After a week of soul-searching and reading all I could about my type of cancer and its treatments, I booked my surgery for the 16th February. I remembered saying “if I had cancer, I would have it cut out if I could” so to increase my odds, that’s what I decided to do. I arrived at Olivedale Hospital in the late afternoon of Tuesday 15th, where I was fortunate enough to have a private ward thanks to the financial help of my boss. A Stoma Therapist came to “measure” me for my stoma and suddenly everything became oh so real and scarrrryyyyyyy. I broke down and couldn’t stop crying – I sobbed out all my fear, anger and desperation. Della held me and cried with me. – the staff took turns staying with us and trying to find words of comfort. Nothing helped – I wanted to die from sheer fear!

They gave me that stuff to clean out the colon and even though I was uncomfortable and spending some quality bonding time in the loo, I actually relished the fact that I could go to the toilet by myself. After tomorrow, who knew what my circumstances would be. I had a sleepless night, with lots of sms’s from my darling girls telling me how much I meant to them. The night sister, Annelize, who was on duty from that night through to when I left, helped by sitting with me and talking me through my fears (like she did so many nights to come). I think she was on duty that particular night to help me find my strength and courage and when she left me, I knew I was capable of enduring the surgery and recovering.

They fetched me mid-morning on Wednesday, February 16th and I was still sms’ing drug-induced garbage on my way to the theatre. The op lasted 5 hours and when I came around in intensive care, oh boy … I knew I’d had major surgery. The pain was excrutiating and made even more so by the fact that I had internal bleeding (a haematoma) which lasted the whole night until they took me back for emergency surgery the next morning. I felt much better after that and was allowed back to my ward on the Friday. The recovery wasn’t easy, but I was fit and strong and felt better every day. Getting out of bed wasn’t the big deal I thought it would be and I felt all my previous physical strength coming back daily. The staff were marvellous and I had so many visitors, I seemed to never be alone. Monday 21st was not a good day – first my boss arrived to visit and when I saw him, I started blubbering like an idiot, which made him cry. Then during visiting hours Dr Fothers arrived to tell us that the cancer had moved into the lymph nodes of the right groin, so I would have to have radiation. My first question was “do I have to have chemo?” to which he said no. Relief washed over me because I thought radiation would be a lot easier … humph … little did I know!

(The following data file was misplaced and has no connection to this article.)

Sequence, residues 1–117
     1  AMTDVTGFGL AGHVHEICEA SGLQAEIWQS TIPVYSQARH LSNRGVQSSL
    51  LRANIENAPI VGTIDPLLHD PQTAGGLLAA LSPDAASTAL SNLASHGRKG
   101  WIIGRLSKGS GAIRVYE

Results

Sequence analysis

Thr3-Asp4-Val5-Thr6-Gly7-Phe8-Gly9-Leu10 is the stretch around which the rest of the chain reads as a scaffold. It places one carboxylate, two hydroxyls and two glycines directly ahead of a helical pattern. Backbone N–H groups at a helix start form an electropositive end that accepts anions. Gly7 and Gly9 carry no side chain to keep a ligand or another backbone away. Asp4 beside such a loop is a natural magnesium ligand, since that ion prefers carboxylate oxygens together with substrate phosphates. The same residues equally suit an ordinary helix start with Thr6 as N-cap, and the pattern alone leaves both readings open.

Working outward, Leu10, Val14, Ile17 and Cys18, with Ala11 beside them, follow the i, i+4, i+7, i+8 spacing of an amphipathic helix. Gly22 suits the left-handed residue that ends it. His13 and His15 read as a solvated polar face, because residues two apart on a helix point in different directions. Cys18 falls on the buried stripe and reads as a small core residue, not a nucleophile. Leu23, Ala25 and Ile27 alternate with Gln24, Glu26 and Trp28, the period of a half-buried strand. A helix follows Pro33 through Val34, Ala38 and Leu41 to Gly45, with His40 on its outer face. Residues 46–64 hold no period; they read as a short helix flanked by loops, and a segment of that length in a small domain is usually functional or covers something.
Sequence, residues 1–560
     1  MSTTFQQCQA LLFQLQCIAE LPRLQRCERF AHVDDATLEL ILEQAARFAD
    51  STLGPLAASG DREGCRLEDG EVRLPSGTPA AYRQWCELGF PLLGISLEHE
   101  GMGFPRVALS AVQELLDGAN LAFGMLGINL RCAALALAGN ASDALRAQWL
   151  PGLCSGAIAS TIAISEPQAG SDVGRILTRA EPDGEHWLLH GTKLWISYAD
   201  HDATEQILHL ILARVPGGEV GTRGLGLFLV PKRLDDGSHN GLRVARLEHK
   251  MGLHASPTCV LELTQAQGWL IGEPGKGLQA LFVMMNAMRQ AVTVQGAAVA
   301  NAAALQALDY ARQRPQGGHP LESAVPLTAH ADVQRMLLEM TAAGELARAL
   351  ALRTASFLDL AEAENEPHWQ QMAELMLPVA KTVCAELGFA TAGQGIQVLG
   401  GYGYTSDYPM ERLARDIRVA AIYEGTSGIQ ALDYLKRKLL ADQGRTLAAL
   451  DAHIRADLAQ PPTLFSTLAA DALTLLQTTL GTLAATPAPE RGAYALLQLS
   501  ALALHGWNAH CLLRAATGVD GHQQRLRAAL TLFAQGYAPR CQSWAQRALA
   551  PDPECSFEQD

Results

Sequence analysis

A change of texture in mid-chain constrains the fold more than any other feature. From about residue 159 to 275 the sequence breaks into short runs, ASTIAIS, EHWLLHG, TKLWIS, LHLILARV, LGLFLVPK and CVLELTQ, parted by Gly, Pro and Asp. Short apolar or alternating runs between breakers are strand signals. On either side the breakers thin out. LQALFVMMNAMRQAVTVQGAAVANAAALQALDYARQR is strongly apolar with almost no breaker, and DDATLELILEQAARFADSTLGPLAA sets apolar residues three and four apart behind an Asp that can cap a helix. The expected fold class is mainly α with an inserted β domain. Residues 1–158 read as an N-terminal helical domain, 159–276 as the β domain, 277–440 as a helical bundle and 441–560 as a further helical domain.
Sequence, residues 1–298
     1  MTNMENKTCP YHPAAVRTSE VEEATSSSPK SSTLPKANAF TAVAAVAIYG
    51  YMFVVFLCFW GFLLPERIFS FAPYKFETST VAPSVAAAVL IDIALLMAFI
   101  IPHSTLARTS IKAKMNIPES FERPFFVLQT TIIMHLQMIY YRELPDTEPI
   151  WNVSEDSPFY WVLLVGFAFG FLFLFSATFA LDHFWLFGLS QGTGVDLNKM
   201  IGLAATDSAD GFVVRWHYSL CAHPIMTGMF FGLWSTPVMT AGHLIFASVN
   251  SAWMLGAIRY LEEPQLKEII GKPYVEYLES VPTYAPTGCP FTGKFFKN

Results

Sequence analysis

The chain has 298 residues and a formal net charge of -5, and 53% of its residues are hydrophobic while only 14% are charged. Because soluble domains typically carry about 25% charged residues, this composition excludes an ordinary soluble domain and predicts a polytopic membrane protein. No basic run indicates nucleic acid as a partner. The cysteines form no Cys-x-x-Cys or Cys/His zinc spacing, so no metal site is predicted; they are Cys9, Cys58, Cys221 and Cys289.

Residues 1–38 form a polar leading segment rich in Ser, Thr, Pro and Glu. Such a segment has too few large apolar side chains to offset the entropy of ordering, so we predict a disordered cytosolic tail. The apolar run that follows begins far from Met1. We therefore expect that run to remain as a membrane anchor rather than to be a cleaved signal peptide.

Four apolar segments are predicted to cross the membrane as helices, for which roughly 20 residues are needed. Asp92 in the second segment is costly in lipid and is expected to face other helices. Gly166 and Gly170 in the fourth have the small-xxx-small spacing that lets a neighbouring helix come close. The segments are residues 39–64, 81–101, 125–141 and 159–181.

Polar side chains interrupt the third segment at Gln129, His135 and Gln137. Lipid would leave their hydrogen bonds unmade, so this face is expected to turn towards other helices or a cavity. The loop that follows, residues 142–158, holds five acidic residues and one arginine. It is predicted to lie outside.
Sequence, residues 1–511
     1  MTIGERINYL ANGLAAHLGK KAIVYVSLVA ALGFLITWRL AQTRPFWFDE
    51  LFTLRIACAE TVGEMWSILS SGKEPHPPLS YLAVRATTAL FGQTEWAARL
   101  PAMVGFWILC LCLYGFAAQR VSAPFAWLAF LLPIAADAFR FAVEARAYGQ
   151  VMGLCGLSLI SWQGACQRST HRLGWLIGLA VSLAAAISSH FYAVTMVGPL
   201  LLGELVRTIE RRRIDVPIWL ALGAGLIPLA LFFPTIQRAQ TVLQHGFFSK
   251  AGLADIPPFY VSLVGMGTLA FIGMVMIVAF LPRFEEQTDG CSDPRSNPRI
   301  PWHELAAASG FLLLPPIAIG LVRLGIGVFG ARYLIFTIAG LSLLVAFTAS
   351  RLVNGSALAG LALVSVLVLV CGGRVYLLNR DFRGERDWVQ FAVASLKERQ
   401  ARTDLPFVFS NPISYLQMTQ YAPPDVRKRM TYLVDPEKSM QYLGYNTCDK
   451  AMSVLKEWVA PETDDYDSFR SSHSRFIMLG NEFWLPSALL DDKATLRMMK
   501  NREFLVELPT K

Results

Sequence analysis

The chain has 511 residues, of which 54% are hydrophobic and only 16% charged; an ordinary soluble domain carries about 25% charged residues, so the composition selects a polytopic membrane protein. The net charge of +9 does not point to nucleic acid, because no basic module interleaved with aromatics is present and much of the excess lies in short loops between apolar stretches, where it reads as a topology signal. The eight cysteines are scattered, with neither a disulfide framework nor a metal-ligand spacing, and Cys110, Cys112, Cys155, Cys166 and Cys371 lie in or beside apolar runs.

I was discharged ten days after the op, walked to the car unaided and Della drove me home to our animals. I healed quickly except for the restriction of no bending or sitting for 2 months while my back-end healed. My biggest challenge was learning how to deal with the colostomy bag, a challenge that persists today despite my brain knowing that it saves my life, one day at a time … my heart wants it gone and I’m envious anytime I meet someone who has theirs reversed. At my first post-op visit to Dr Fothers, I cried because I was so embarassed that the bag wasn’t clean when he examined me and he told me that day “don’t you ever be embarassed – you can’t control this and you’re still a beautiful woman”. Oh – how that helped my state of mind and made me realise that I was still the same person – just more flawed than before.